The implementation and consolidation of the CNAIM faced challenges of different natures. In the initial phase, related to the mass influx of immigrant citizens, which went beyond all expectations, consecutive reorganizations were made to the services and the teams were reinforced, in order to respond to the volume of demand (around 400 expected daily services, but in practice this number was doubled). The reduction in the waiting time for integrated services provided by various sectors, extended to a high number of people, was therefore - and also - a constant concern for the CNAIM managing teams. It was resolved by the reassignment of human resources and/or reinforcement of the teams. Taking into consideration the new migratory reality, such as the intensification of seasonal workers and the relocation of refugees throughout different communities in Portugal (Portugal has been moving from the 2nd and 4th places in the countries most involved in the relocation of refugees in Europe), new and updated ways to disseminate information to these communities were created. One of the new responses is the Mobil CNAIM, a vehicle operated by two professionals, carrying general information on all different CNAIM Offices, aiming to provide an answer to all those dispersed in the most distant locations. It’s a service made available by the High Commission for Migration, to overcome the centralization of services in the most populated areas. Also My-CNAIM is a new response, with the main objective to bring Public Administration closer to the citizens, integrating best practices in the relationship with the clients, giving them more and better information in the digital age. This objective translates in the development and implementation of a Customer Relationship Management (CRM) and in the creation of new communication, interaction and participation channels, namely applications for mobile devices, allowing the progressive development of a multichannel service (telephone, SMS, e-mail). It is intended, once again, the logic of integrated service provision focused on the citizen, now in a digital version of a virtual One-stop-Shop.

D. Impact and Sustainability

 10. What were the key benefits resulting from this initiative?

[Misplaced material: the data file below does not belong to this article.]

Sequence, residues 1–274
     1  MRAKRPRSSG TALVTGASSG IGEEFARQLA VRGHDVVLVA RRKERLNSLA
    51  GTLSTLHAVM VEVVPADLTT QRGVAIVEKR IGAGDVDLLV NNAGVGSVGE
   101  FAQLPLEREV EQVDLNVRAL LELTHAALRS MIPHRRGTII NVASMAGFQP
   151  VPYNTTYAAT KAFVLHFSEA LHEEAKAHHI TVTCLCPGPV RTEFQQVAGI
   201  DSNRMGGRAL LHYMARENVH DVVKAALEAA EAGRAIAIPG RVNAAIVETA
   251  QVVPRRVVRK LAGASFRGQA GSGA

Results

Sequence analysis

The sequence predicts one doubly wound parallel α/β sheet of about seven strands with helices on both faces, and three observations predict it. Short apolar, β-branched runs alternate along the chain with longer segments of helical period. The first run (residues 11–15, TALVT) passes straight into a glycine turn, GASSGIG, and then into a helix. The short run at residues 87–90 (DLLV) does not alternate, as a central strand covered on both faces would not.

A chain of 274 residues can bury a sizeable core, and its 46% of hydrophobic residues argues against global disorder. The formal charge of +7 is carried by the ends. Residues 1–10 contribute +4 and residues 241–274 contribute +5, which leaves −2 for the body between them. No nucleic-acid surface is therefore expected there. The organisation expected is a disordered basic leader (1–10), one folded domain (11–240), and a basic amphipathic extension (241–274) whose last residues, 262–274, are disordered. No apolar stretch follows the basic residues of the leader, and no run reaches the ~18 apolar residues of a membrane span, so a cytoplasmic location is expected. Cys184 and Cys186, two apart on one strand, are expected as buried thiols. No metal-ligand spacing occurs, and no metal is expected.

The model for an integrated response provided by the CNAIM and CLAIM promoted an improvement in the access to services by the migrant population. The evidence is reflected in the over 4 million integrated services provided. On the other hand, the instituted model allowed, simultaneously, to have a more efficient, complete and timely response in a single trip to one location by the immigrants and refugees. The language barrier, one of the main obstacles to integration, finds in the CNAIM a response in face-to-face translation through the intercultural mediators and, also, in the possibility to use the Telephone Translation Service which allows for translation in 60 different languages. The intercultural mediators, over 70, from different origins and fluent in 14 languages to provide service to the immigrant citizen, have been identified (namely, through the application of surveys taken by the external evaluation) as an important factor in the reception and in establishing proximity during the interaction, by speaking the same language, by having knowledge of the cultures, and often by having lived identical migratory experiences. The launch of the CNAIM services also combatted the parallel market of those looking to profit from the immigrants’ situations. Having all services being provided free of charge and making it possible for the immigrant to resolve the problems in an integrated way, provided the clients of these Centers access to services in equal grounds with the remaining citizens. Considering the high number of services provided, it is relevant to state the low number of formal complaints received, contrasting with the number of praises. As an example, in 2016, 6 complaints were received and 31 praises were delivered by the migrants and refugees. That covers a universe of 255.796 services delivered in 2016. The impact of these services in the life of migrants and refugees was also measured through two external evaluations. As a result, it is notable to highlight that all inquired migrants confirm the important role these centers played in their lives, be it in the initial reception phase, be it in a post-arrival phase(96,7% in Lisbon and 94,5% in Porto consider the CNAIM to contribute highly and moderate in an initial phase, as well as 97,7% and 93,8%, respectively in Lisbon and in Porto, point to the same answer for the post reception period). (International Organization for Migration external evaluation) Additionally, contrary to what would be expected, a rise in the percentage of those who considered CNAIM to have “highly” contributed toward facilitating their life in Portugal later on (post the reception phase) was registered. (IOM external evaluation). In regard to gender equality, it is important to note that in the services provided to migrants, all mediators who provide telephone support are apt to inform, support and refer domestic violence cases, take complaints concerning traffic of human beings and to collaborate in monitoring the national structure of reference for female genital mutilation. All mediators are aware and trained to provide support and referrals in all the areas mentioned above.